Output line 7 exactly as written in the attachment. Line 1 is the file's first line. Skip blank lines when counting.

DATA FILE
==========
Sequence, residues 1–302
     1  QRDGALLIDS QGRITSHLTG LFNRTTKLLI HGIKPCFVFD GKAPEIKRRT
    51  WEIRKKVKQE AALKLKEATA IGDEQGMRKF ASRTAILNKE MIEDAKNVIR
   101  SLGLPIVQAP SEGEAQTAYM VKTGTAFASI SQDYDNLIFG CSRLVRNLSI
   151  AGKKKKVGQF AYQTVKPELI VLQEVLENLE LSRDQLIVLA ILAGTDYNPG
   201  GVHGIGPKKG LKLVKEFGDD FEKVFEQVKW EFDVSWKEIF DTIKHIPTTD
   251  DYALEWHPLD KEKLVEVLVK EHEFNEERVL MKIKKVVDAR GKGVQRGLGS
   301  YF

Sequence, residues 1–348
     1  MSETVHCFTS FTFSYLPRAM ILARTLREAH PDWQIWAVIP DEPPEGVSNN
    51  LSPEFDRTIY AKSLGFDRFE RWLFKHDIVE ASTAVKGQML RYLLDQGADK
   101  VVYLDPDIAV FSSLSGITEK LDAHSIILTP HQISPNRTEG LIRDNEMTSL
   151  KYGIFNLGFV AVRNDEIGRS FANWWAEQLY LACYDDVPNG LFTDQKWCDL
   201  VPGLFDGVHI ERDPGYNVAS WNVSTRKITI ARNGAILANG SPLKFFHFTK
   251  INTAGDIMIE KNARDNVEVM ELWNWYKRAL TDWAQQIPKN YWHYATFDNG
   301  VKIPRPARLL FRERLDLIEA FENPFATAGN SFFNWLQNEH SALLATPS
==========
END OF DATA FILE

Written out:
   251  DYALEWHPLD KEKLVEVLVK EHEFNEERVL MKIKKVVDAR GKGVQRGLGS